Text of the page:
RaMell Ross’s textured, intimate Hale County is both a lyrical love letter to a black Southern community and a challenge to many viewers’ preconceptions.
Early on in Hale County This Morning, This Evening, the camera—more or less static in a corner—watches Kyrie, a 3-year-old black boy, pick up a toy gun and run around his living room. The shot pans and drifts dreamily in and out of focus while Kyrie runs toward the viewer and away, across the room and back. He puts the gun down and keeps running. His breath is heavy, his steps tottering and earnest. The scene lingers with Kyrie for almost three minutes. Eventually he comes right up and puts his face into the lens, laughing. The screen goes black. Then Kyrie runs away, out of focus.
Released in theaters in mid-September, Hale County is the first film from RaMell Ross, a Mellon Gateway Fellow and assistant professor in Brown’s Visual Arts department. In 2016, Ross became the Brown Arts Initiative’s inaugural professor of the practice, teaching photography classes while he finished editing his movie about life in the rural Deep South.
The sequences this approach yields are meditations on what Ross calls “the epic banal” of blackness—images of the subdued beauty in these everyday black lives that subvert and transcend many viewers’ preconceptions of race and class. Daniel’s sweat drips onto the floor as he dribbles a basketball, followed by the patter of rain on the ground. A kid stands up on a horse and calls out to friends, laughing. A little girl holds up a homemade electric circuit, lighting up the mini-light bulb to show her friend and saying: “Y’all do this in science yet? Y’all gonna do this in science.”
These are images, Ross says, that are new to American media culture. They’ve always existed, but not necessarily in cinema. Traditional documentary storytelling tends to depict the lives of people of color in terms of their struggles. Ross calls this “the silhouette of blackness”—cultural perceptions of American blackness “backlit by history.” Ross did not want his art to be confined in this space, and he didn’t want the stories of his subjects—boys he had coached, taught, and befriended—to be told in that stereotypical way.
Ross, who grew up in a suburb of Washington, D.C., first moved to Greensboro, Alabama, nine years ago, working as a basketball coach and photography teacher. Fascinated by the landscape, he took photographs, then began filming his friends. He wasn’t thinking about what he’d do with the images he collected—he was seeking, rather, to investigate daily life in this quiet, predominantly black Southern community. “I didn’t expect to make something this grand,” he says. “But the more I filmed, the more I realized there was potential to get as close as I could to understanding someone’s point of view through my perspective.”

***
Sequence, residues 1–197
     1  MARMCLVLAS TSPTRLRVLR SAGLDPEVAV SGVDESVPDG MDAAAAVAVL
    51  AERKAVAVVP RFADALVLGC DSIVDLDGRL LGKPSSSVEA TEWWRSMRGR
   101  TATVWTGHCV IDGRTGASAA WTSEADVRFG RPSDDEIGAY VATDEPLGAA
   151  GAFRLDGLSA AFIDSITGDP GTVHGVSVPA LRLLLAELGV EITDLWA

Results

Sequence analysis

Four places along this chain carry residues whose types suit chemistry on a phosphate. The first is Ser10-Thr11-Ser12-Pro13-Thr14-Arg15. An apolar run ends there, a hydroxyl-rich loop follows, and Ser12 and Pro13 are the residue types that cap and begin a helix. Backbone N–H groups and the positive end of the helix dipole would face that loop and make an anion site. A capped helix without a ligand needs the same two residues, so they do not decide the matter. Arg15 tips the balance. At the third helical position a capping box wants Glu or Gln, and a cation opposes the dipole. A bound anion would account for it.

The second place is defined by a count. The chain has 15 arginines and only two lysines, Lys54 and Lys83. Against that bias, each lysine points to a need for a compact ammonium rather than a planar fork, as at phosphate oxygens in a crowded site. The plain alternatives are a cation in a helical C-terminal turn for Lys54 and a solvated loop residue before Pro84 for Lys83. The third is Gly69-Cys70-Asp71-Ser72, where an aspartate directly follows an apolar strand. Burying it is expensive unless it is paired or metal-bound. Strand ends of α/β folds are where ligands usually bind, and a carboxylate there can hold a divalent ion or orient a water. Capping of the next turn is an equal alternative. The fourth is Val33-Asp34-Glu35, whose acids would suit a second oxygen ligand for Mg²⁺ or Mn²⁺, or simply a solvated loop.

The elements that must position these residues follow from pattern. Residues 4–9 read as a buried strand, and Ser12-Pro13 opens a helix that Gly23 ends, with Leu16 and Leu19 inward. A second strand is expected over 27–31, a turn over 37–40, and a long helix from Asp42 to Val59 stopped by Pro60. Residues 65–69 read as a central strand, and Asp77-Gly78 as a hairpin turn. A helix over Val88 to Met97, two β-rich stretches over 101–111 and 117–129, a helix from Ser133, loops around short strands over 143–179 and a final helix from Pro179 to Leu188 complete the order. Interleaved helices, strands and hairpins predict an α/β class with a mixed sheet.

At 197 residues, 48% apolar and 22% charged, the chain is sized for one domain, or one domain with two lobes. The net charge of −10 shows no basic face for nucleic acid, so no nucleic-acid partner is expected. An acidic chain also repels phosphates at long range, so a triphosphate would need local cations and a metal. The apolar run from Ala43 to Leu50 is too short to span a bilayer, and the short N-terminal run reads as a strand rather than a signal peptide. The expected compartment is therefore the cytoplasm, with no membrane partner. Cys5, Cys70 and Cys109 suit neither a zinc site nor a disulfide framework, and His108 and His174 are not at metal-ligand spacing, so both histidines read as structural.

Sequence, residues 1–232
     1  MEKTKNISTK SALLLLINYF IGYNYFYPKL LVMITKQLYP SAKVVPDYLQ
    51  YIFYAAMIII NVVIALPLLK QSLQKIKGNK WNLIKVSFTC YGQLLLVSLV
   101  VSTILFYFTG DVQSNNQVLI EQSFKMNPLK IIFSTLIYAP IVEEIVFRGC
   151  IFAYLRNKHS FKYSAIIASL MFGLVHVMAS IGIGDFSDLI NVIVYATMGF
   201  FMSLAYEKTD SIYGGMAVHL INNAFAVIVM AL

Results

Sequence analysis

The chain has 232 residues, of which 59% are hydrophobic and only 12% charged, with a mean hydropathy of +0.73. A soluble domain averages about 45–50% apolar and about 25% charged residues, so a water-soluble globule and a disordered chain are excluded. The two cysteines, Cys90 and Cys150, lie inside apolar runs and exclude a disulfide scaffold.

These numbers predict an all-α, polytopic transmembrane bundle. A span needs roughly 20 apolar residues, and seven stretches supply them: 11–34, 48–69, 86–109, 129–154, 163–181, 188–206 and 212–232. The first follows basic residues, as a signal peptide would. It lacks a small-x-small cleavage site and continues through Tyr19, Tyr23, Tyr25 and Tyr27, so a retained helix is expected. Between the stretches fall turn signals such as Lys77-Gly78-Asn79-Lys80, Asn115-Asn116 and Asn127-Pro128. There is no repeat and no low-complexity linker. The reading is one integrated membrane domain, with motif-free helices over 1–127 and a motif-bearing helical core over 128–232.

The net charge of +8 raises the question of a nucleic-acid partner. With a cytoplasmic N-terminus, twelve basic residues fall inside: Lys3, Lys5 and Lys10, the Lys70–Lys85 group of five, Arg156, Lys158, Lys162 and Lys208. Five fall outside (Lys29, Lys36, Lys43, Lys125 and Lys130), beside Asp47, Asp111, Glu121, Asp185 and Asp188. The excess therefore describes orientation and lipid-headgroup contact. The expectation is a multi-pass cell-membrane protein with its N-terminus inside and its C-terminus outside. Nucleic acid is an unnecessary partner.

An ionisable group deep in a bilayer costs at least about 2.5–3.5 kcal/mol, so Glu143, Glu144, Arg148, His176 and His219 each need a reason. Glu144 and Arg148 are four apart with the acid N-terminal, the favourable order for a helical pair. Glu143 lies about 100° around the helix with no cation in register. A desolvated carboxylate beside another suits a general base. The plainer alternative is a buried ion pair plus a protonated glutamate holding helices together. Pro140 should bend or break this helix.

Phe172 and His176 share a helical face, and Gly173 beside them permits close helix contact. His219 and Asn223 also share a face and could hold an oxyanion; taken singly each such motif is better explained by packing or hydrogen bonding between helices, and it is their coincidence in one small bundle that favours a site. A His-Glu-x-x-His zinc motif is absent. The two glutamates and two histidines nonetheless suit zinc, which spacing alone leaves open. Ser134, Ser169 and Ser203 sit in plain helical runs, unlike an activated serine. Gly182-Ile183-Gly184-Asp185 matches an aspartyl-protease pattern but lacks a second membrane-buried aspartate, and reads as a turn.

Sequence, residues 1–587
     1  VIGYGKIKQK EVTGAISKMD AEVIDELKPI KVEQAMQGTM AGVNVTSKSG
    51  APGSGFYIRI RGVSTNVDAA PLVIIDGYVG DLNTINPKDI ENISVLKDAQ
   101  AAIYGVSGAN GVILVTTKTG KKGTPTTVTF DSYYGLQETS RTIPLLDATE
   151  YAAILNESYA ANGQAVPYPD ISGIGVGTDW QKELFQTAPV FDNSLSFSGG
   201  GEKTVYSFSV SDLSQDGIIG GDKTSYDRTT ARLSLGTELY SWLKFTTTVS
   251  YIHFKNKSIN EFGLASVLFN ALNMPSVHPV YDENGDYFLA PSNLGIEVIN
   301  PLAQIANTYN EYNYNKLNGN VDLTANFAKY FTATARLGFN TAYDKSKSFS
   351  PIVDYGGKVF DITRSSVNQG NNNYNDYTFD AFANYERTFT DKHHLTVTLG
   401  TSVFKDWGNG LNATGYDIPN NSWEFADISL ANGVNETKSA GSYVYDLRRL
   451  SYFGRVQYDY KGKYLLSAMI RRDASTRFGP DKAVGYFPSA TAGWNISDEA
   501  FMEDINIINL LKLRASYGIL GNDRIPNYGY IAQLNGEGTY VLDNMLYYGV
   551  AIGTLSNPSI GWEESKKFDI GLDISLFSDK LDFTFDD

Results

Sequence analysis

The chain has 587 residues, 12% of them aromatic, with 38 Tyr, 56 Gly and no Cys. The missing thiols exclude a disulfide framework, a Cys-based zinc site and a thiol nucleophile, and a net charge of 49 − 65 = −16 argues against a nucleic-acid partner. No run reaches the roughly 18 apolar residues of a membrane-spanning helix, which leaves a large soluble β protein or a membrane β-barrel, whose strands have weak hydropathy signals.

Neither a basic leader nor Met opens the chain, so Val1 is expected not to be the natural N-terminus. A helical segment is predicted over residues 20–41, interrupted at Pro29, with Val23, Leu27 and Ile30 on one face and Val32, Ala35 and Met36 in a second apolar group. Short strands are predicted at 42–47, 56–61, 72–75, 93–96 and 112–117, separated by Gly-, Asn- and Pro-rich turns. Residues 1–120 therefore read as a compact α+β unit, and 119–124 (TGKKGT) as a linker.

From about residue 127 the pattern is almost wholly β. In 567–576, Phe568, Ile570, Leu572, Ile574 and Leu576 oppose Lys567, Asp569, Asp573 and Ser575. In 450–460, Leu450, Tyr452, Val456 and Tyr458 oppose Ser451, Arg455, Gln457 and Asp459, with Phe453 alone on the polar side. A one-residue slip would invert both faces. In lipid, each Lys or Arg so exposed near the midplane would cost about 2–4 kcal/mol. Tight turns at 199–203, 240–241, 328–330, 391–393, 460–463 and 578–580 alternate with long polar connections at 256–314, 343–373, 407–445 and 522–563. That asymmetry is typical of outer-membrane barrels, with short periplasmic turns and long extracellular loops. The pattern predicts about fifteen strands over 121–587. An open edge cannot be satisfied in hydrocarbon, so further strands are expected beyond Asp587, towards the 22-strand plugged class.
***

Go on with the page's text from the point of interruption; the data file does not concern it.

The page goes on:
The result is an ambitious movie that eschews traditional narrative structure in favor of sequences of moments that capture a poetic loveliness in both lives and landscape. Its dreamy filming and editing techniques are punctuated by intertitles—such as “What happens when all the cotton is picked?”—that both contextualize the scenes and challenge the viewer. In the process, Hale County creates its own cinematic language, an achievement honored with a Special Jury Award for Creative Vision at this year’s Sundance Film Festival.
The film focuses on two young men, Daniel and Quincy, and their friends and family. Ross had taught Daniel on the court and Quincy in the classroom. He considered them friends, and says he would have spent time with them whether he was filming or not. In Daniel, obsessed with basketball and driven to succeed on the court and in school, Ross says he saw a version of his younger self. With Quincy, a good-natured and goofy young father, he felt comfortable and at ease.
In the years he spent filming them, the camera became a quotidian presence. Ross used it merely to “look,” he says, rather than to capture any particular narrative. “I’m using the camera as close to fluidly with my consciousness as possible,” he says, an attempt “to participate in their lives.”
At the same time, Ross directly confronts the legacy of racism in Hale County, along with racist depictions of blacks in the media, with scenes like the one of 3-year-old Kyrie—Quincy’s son—running around with the toy gun. “When you’re not given a narrative, everything that you think has less to do with what’s happening in front of you and more to do with your experience,” Ross explains. “You create the meaning. If you’re thoughtful, you’ll think about why you’re thinking that: Is it true? Or am I putting my own narrative on this kid?”
Another shot in Hale County is a long, slow-motion drive-by of a cotton field stretched out indolently across the landscape. “It’s the fact that here you have to drive by a cotton field every day to go to work and then just become desensitized to the cotton field’s history,” Ross says.
In 1941, the photographer Walker Evans and the writer James Agee published their famous nonfiction book about Southern sharecroppers, Let Us Now Praise Famous Men. Though they focused on Hale County, there is not a single image of a black person and barely a mention of the black community that also lived there. Ross’s film offers another view.
“The ultimate goal,” Ross explains, “is to create new meaning, to lengthen the spectrum of what it is to be a person of color in the historic South.”